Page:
Still uncertain about who he is or wants to be, Taseer returns to New York City and his new husband, a man he met from the American South on a dating app. But he doesn’t tell us much about him, or about his mother, besides how often she was away while he was a child. He discussed his anxieties about his father with multiple therapists. Taseer does mention his maternal grandmother, who delighted him with stories about the Hindu faith, and he recalls that at 5 or 6 he began lighting incense and chanting prayers and offering marigolds to the gods. But it didn’t last long. When Taseer was in India, a religious Brahmin asked him directly whether he believed in God. Taseer said no, and the Brahmin told him that he has no dharma: having no place in the world that is meaningful or righteous. In some ways, Taseer agrees with him.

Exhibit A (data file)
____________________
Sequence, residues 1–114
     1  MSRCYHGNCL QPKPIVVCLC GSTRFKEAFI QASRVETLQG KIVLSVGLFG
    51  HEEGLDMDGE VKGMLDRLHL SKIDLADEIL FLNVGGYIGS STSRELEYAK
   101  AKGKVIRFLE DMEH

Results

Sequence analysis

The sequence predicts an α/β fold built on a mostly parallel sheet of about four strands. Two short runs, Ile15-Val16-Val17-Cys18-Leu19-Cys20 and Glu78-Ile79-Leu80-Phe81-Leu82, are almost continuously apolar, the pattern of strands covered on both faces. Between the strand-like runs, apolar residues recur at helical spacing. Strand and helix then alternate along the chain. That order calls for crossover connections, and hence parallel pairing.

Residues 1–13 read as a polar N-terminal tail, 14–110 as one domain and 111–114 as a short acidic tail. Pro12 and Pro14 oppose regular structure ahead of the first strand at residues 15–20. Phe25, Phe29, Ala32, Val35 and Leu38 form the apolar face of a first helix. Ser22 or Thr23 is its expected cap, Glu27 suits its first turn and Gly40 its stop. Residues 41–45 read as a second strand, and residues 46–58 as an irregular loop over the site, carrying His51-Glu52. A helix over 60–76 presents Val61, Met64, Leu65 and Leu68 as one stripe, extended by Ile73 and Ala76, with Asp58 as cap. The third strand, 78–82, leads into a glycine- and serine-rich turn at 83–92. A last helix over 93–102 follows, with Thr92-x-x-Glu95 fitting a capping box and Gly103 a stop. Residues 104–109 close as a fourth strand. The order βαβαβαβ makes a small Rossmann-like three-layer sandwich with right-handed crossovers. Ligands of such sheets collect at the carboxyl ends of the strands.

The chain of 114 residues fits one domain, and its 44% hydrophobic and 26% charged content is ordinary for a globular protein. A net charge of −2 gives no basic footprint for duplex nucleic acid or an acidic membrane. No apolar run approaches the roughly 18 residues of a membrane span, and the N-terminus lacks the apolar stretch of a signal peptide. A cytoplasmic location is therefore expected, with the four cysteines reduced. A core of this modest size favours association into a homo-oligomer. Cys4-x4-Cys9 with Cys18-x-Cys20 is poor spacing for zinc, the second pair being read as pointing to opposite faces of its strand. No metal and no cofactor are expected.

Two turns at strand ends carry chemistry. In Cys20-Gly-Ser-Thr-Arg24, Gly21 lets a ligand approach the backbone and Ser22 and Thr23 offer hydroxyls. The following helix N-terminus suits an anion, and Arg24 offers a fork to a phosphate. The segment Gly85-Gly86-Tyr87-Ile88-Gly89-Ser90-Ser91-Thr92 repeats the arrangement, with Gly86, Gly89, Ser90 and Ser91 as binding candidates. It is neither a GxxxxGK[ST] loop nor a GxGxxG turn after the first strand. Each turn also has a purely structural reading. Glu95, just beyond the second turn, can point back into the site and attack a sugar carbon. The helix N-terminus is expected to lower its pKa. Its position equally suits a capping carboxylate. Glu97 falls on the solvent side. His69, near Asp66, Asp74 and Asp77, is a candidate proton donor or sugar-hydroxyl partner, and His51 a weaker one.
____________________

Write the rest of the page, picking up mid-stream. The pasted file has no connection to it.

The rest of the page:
A recent video on the internet of Taseer speaking at Amherst College about “The Twice-Born” is painful to watch. Taseer reads his prepared text quickly, swallowing his words, and rarely looks up at the students. Fielding the students’ questions, he seems lost and has trouble speaking extemporaneously. He still can’t explain why he went to India and what he was looking for. He has difficulty describing what he believes now. He has trouble defining who he is. He seems nervous. But he also seemed to me to be mourning all that he still could not say and feel—all the emotional wounds he could not confront. And yet, as with his book, he kept me pulled tightly into his orbit despite his fumbling presentation. Somehow, I could not look away.